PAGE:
For over 60 years Spain has been one of Europe’s most popular tourist destinations, and with its sandy beaches, unique architecture, and flavourful culinary dishes, it is no wonder why.
From flamenco dancing, city exploration, and visiting the country’s 49 UNESCO world heritage sites, there really is something in Spain for everyone. But, of course, one of our favorite things to do, in between siestas and giant bowls of paella, that is, is paddle boarding.
Spain is full of incredible waterways that are perfect for stand-up paddle boarding, so if you’ve been wondering where to paddle board in Spain, keep on reading because we have a list of 14 destinations that you won’t want to miss.
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Alicante, on Spain’s southeastern coast, is a port city that boasts narrow streets, beautiful colored houses, and a medieval castle, the Castillo de Santa Barbara, that is set on top of a hill offering the most incredible views of the Mediterranean sea.
The city is also home to some beautiful beaches with soft white sand that is perfect for launching paddle boards. One of the most visited beaches is Playa de Levante Beach which stretches for 2 kilometers along the well-known holiday resort of Benidorm. Because of the beach's close proximity to the holiday resort, you’ll find tons of SUP rental stores where you can hire a SUP if you don’t bring your own.
The Playa del Portet Beach in the resort of Moraira is another fantastic SUP location as the scenic sandy beach slopes gently into the water. We also highly recommend taking a snorkel out with you as crystal clear waters are a haven for marine life.
A 15-minute drive north of Moraira is the Playa del Portixol Beach in Xabia, which is a popular destination for water activities such as kayaking, stand-up paddling, and snorkeling. As with many destinations in Spain, you’ll find beautiful blue waters which shimmer in the sun, and if that isn’t enticing enough to water sports enthusiasts, then I don’t know what is. If you’re visiting Playa del Portixol Beach, however, be sure to pack your water shoes as stones make up the majority of the sand.
Other paddling destinations in Alicante:
When you think of Barcelona, the football club more than likely springs to mind. And although the city is well-known for its outstanding football team, incredible architecture, and its nightlife, you’ll also find some excellent waters for your next SUP adventure.
Barcelona is roughly a 5 hour's drive north along the coast from Alicante, and as the two cities share a coastline, you can only imagine that the beaches are just as beautiful in the bustling city, even if they are slightly more crowded.
Barceloneta Beach is the most popular beach in Barcelona, where locals and tourists alike flock to the sand to soak up some sun and participate in outdoor activities, one of them, of course, being paddle boarding.
If overly crowded beaches aren't your thing, however, then not to worry, Barcelona also has some quiet stretches of sand, like Nova Icària Beach. Nova Icària is a blue flag beach that has incredible calm waters that even the most beginner paddlers will truly appreciate.
And finally, one of the city’s and the country’s best beaches is Bogatell Beach. Bogatell is also a designated blue flag beach that has coarse clean sand which stretches for 600 meters. The average age of Bogatell Beach goers is 38, so if you’re after a semi-relaxing day out paddling without the noise of screaming children, then we highly recommend it.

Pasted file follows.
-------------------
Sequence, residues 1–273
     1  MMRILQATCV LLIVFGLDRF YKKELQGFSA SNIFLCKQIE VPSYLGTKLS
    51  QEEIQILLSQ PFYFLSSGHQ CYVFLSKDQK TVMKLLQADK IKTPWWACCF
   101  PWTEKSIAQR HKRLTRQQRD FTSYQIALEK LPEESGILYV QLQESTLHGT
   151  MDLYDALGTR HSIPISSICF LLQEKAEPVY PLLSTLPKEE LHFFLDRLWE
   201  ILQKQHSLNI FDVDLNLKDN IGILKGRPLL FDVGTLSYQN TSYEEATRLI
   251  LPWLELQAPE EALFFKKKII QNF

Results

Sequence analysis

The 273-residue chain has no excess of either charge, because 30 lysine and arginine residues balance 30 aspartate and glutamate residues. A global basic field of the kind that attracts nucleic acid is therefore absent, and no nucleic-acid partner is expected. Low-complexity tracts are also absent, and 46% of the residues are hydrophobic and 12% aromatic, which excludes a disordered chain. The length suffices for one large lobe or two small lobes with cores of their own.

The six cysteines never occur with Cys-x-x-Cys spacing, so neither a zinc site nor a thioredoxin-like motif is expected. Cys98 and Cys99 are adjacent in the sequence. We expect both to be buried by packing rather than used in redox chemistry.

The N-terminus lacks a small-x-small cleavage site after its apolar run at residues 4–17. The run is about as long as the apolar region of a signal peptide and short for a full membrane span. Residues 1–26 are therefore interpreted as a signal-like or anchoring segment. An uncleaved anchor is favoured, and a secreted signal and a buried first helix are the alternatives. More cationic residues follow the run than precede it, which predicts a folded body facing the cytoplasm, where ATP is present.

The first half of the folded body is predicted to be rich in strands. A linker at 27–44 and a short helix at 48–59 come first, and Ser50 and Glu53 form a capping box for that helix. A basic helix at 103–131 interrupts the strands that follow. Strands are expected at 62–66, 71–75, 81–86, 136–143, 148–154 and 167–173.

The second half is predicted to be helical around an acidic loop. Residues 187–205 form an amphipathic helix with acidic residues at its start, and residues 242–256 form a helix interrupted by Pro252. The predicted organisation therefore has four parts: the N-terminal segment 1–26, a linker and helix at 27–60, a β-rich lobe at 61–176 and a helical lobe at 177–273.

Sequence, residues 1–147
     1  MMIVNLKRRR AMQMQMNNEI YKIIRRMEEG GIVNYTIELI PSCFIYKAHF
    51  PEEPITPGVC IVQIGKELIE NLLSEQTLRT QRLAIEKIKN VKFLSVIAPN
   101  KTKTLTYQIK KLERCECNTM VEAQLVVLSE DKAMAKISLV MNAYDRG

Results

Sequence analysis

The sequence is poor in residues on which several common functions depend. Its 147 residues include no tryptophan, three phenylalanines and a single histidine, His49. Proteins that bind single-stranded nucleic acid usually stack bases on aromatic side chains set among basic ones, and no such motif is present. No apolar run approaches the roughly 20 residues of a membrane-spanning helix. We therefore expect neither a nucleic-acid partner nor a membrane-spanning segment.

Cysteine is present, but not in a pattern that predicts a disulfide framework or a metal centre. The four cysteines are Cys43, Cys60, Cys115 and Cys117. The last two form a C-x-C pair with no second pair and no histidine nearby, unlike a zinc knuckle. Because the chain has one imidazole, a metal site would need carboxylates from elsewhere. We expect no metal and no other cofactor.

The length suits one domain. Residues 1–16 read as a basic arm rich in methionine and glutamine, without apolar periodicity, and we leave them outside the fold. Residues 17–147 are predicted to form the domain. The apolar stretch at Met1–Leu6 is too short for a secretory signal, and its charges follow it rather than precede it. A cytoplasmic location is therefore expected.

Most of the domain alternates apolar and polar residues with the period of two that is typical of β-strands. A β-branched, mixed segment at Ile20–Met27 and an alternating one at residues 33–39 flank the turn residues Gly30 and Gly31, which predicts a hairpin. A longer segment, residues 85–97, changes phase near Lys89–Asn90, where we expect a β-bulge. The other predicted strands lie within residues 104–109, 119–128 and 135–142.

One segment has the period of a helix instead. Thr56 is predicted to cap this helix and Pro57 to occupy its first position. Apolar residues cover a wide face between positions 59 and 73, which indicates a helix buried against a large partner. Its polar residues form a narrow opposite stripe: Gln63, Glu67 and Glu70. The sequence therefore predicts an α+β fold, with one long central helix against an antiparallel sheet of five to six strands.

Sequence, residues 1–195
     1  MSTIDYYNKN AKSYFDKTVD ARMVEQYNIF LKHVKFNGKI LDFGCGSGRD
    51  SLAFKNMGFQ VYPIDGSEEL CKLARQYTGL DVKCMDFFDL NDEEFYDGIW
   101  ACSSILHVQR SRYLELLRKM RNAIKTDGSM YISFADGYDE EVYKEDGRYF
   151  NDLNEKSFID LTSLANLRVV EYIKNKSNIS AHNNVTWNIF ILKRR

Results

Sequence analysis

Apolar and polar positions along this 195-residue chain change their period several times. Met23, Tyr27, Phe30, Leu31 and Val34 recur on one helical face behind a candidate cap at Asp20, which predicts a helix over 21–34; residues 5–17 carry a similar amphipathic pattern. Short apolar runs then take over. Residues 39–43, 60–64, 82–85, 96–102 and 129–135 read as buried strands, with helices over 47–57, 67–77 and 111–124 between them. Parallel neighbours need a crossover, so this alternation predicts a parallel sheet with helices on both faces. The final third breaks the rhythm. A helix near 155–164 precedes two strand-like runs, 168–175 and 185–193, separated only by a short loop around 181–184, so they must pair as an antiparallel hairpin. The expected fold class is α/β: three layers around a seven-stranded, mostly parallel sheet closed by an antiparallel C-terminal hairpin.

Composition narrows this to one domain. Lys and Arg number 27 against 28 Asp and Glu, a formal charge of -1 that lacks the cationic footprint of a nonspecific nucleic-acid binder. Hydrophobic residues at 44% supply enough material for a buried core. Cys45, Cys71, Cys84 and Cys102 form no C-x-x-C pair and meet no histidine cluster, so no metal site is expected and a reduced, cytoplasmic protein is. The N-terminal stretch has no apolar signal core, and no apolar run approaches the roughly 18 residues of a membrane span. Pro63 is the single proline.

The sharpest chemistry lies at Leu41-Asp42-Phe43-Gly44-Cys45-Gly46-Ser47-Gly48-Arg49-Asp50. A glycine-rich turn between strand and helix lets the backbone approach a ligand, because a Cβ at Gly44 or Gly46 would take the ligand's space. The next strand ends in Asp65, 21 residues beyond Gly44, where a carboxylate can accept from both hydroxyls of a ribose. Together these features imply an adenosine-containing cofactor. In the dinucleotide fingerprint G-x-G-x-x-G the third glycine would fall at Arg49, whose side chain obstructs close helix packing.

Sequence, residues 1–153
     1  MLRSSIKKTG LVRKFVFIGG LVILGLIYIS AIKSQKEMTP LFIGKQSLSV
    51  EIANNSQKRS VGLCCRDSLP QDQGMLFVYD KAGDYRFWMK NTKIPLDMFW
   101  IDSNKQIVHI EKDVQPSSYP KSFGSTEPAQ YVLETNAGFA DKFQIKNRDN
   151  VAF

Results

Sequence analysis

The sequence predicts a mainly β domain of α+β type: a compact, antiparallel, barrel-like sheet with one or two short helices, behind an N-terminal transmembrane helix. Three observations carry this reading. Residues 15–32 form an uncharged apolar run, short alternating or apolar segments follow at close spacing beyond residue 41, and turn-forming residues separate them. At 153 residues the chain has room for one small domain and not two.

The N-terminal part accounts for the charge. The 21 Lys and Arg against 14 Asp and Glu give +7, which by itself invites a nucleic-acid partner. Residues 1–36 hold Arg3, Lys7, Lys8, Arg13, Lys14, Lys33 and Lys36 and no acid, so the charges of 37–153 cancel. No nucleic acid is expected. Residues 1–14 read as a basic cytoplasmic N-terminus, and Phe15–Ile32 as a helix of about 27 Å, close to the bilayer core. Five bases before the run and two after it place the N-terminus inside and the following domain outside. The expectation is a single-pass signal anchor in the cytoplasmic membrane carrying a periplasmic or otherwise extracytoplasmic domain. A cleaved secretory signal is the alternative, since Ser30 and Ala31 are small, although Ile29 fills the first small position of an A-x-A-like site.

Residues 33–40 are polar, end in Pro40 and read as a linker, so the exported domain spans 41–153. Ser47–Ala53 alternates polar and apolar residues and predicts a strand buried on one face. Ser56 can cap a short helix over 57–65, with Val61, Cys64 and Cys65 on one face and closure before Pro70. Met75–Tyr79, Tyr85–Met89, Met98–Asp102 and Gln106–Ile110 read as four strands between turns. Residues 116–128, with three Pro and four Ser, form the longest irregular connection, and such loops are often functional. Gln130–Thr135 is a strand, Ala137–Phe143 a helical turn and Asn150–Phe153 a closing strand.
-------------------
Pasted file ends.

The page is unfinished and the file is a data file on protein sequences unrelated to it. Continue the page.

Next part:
Other paddling destinations in Barcelona:
Initially, Ibiza may not seem like the ideal place to take a paddle board, I mean, after all, it is renowned for being a party island with numerous clubs blaring electronic dance music. But, as with many other places in Spain, the island has some spectacular places that’ll certainly change your mind.
If you do want to mix partying with paddling, then head to San Antonio, which will give you the best of both worlds. Beaches like Cala Gració Beach and Cala Gracioneta Beach will act as the perfect hangover fix as you can splash about and paddle your way across the calm waters, washing away the regrets of the night before.
For paddlers who want to steer clear of the party scene, however, then Benirrás on the island's northwest coast will suit you perfectly. Benirrás has some incredible sunsets, a white sand beach, and a lack of development, making it a faultless option for SUPers of all abilities.
Ses Salines is another beach that combines the great fun of partying with the even greater fun of paddle boarding. The beach, which was named after the nearby salt flats, is wide with soft fine sand, and crystal clear waters, and there is even a natural park nearby that you can explore once you’ve finished up with your paddle.
Other paddling destinations in Ibiza:
If you’re holidaying on Spain’s north coast, then La Zurriola Beach should be on your paddling itinerary. The beach, which was remodeled 15 years ago, has become a hotspot for surfers due to the high-quality waves in both low and high tides. The waves, however, are suitable for beginners, and if you’ve been looking for a slightly more challenging stand-up paddle, then you’re in for a treat.
Malaga on Spain’s south coast is another hotspot tourist destination that has 16 unforgettable beaches and fascinating culture. Calahonda Beach may only be 120 meters long, but this tiny stretch of dark-grey sand with its clear, inviting waters appeals to sunbathers, swimmers, and paddle boarders.
Cabopino Beach in Marbella has increased in popularity thanks to its exceptionally clean water, its long stretch of sandy beach, and its amenities that are relatively close by. Surrounding the beach is the Dunas de Artola nature preserve, which is home to breathtaking sand dunes and vegetation. The area was declared a Natural Monument in 2001, and it’s definitely worth a visit after your stand-up paddle boarding trip.
We just want to give you a heads up, however, that Cabopino Beach is a clothing-optional beach, so you might have a slightly different view than what you’re used to.
One of the less overcrowded beaches (and clothing mandatory beaches) in the area is Maro Beach. Maro Beach is encompassed by rocky cliffs, high-quality waters, and facilities like showers, toilets, and restaurants where you can discover local cuisines and specialities. If you do like to dabble in a water sport or two, then you can choose between paddle boarding, canoeing, kayaking, and snorkeling.